ken kreisel timeline
There is only one Ken Kreisel. A man of vision and innovation, who has had a profound influence on home theatre and its sound formats over the decades, consistently pushing the boundaries and producing monitoring equipment used in top studios worldwide including Disney, 20th Century Fox, Columbia Pictures, Dolby Laboratories, DTS, LucasArts, Skywalker Sound, Sony, Warner Brothers and THX.
There are a few timelines in existence in relation to the Kreisel name, but only one is genuine. If there's no photos of Ken, nor any mention of his name, it'll be a manipulated version to conceal the true facts. We have recreated it here for you in order to inform you of the true achievements of the one and only, Ken Kreisel.
Everything else is just imitation.
You can also view this timeline on Ken's own website here.
The forerunner to the "sub/sat" or "subwoofer/satellite" system as we know it today, commonly used for home theatre systems was invented in 1976 by Ken Kreisel. His "David & Goliath" comprised of a small pair of 'satellite' speakers running a limited bandwidth, with a 'subwoofer' producing lower frequencies
1978 marks the consumer release of the Satellite-Volkswoofer System, which Ken Kreisel originally designed for his own use at the M&K Real Time Direct-To-Disc recording studio.
The Satellite-1 speaker incorporates much of the technology Ken still uses today, such as phase focused crossovers, group delay time alignment, and controlled vertical directivity
At this point, Ken Kreisel was already building professional screening rooms for directors, producers, and the Hollywood elite - long before the phrase "home theatre" was being used. This meant that long before room EQ was even thought of, Ken Kreisel was addressing the issues faced with building dedicated home theatre systems, putting him in a unique position...
Ken Kreisel opens the first exclusively direct-to-disc recording studio. M&K RealTime Records studio produced audiophile vinyl pressings recorded straight to the cutting lathe, bypassing the tape recording process, reducing distortion and hiss in the process. This produced a master, which was then used to press the vinyl records
Ken Kreisel becomes one of the first customers to purchase the Sony PCM-1600 Professional Digital Audio Recorders, shown here with engineers from the relatively new Sony Professional Digital Audio division. Ken worked with these engineers giving feedback on the design of the prototype during its development. More modifications to his own unit were implemented in future production models. This made Ken Kreisel and M&K Sound one of the very few truly "digital ready" companies prior to the launch of the Compact Disc.
The first releases featured Ken Kreisel's digital recordings of The Philharmonia Hungarica Orchestra, recorded in Germany
Ken Kreisel develops an innovation in subwoofer design - push-pull technology. By mounting a second driver backwards into the cabinet, and also wiring it opposite to the other, the design acoustically cancels even-order harmonic distortion, producing cleaner, tighter, more accurate bass reproduction, and significantly improving high-output linearity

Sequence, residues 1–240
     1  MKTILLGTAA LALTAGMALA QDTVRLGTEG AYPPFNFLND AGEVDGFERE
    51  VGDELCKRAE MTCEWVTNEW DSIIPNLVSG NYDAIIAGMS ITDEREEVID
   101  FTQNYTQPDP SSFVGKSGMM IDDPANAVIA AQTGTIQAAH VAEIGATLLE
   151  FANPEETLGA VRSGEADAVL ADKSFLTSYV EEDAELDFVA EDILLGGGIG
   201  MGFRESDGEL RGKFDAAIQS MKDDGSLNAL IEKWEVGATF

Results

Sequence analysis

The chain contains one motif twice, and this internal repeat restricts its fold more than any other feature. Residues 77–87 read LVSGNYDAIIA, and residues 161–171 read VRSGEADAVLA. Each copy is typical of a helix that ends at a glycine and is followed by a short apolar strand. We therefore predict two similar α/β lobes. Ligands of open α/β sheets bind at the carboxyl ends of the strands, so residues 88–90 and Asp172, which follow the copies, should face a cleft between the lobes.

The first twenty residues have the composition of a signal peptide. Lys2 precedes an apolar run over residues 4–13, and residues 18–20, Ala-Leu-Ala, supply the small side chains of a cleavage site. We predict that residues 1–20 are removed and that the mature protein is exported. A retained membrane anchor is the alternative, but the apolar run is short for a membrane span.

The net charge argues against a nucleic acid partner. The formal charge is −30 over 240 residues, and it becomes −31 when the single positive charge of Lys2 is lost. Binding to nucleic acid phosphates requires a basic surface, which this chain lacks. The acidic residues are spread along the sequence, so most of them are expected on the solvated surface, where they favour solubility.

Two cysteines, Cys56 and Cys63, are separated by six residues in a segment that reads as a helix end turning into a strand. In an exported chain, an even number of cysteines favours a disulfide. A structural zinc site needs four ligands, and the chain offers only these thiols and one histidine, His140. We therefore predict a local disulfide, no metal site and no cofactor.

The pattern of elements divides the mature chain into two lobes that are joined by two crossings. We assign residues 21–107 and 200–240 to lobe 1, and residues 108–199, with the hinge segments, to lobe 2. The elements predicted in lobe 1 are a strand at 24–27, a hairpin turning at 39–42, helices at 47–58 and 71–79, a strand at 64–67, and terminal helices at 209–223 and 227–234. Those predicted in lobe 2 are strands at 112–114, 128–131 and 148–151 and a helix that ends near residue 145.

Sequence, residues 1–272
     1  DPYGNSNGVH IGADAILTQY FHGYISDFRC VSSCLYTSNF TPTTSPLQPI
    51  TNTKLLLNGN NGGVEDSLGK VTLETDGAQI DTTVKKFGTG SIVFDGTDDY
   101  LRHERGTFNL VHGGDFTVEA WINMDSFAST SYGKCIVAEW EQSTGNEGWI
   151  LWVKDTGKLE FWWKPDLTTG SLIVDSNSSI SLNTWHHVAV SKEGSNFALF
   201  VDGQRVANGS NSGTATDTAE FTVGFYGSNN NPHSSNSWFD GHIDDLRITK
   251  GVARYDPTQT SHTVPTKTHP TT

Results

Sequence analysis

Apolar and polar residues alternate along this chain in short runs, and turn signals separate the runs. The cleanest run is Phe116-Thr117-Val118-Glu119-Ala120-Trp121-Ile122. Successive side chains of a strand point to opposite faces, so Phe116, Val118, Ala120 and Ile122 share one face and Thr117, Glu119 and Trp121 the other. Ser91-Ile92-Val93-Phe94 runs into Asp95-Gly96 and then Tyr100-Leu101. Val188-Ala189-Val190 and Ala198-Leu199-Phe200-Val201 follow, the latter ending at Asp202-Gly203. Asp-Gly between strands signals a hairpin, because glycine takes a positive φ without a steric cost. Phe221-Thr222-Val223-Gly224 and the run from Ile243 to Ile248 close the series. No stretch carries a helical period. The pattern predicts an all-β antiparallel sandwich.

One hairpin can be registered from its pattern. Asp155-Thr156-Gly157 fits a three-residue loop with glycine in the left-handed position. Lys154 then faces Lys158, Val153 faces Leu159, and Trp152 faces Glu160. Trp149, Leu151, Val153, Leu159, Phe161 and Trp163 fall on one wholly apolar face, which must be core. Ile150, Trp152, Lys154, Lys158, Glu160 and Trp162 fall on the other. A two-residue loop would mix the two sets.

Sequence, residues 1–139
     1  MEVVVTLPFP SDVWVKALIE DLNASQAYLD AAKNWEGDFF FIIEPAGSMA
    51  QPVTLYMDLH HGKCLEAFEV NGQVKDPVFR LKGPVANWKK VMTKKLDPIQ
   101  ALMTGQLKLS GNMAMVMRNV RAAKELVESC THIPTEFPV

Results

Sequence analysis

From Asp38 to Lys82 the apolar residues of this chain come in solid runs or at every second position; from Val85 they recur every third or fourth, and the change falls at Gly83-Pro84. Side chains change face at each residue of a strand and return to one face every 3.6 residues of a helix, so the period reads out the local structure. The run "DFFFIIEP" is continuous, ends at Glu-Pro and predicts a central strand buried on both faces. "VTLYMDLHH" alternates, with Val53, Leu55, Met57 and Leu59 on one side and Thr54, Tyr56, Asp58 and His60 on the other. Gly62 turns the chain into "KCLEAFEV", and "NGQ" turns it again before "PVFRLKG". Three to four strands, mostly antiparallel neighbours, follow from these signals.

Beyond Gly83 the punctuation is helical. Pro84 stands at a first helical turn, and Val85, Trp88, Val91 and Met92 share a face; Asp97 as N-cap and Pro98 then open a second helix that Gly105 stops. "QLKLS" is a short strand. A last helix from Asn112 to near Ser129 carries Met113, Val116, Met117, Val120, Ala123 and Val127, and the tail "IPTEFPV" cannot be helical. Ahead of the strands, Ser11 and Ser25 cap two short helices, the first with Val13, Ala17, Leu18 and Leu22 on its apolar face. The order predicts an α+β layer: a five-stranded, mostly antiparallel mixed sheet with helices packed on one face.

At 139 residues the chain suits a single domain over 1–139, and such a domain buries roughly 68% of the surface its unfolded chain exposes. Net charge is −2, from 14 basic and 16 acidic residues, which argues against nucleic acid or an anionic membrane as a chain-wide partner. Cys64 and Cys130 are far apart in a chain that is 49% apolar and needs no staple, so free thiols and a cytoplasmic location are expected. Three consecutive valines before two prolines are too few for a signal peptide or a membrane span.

The same year, Ken Kreisel introduces the industry's first push-pull powered subwoofer. The MX-2000 was immediately recognised by audiophiles as a major advancement in subwoofer performance. Its level of speed, articulation, and sheer impact made it not only perfect for music, but also for the upcoming home theatre revolution...
Ken introduces the S100B, with dual mid/bass drivers, a three tweeter phased array, and phase focused crossover, producing unprecedented accuracy, focus, clarity, and dynamic range. The three tweeter array allowed massive headroom from a small loudspeaker, giving the S100B the ability to reproduce dynamic transients normally associated with much larger loudspeakers
"We selected Miller & Kreisel speakers to create Star Wars Episode I soundtrack and they proved to be the most accurate and best sounding monitors we have ever used."
the Blu-Ray Disc Association asks Miller & Kreisel to provide the audio system for demonstrating Blu-Ray Disc at the CES show in 2006 utilising 3x MPS2510Ps as LCR, 4x MPS-1625P Tripole surrounds, and 3x MPS-5310 subwoofers in a 20 seat theatre - Ken has always embraced new audio technology for music or film
In September 2011, Star Wars: The Complete Saga sold more than one million units in its first week of release, shattering previous Blu-Ray sales records. This was the first time Star Wars fans could experience the trilogy's soundtrack in uncompressed 6.1 DTS HD sound. Ken Kreiselprofessional studio monitors and subwoofers were used in the production of these soundtracks - look out for "Miller & Kreisel Sound" in the credits!
In 2012, Ken Kreisel introduces his most accurate and powerful subwoofers yet. A single MX700 Mk3 or MX5000 Mk3 subwoofer - also known as the DXD 808 and DXD12012 respectively - sets new standards for home theatres and studio mastering suites across the globe.
But the subwoofer world of Ken Kreisel isn't a stranger to the audible benefits of "stacking" subwoofers, so the DXD808 and DX12012 are designed in such a way to take full advantage of not only the stacking technique, but also Ken's push-pull technology, producing the ultimate, modular, scaleable subwoofer system suitable for any room.
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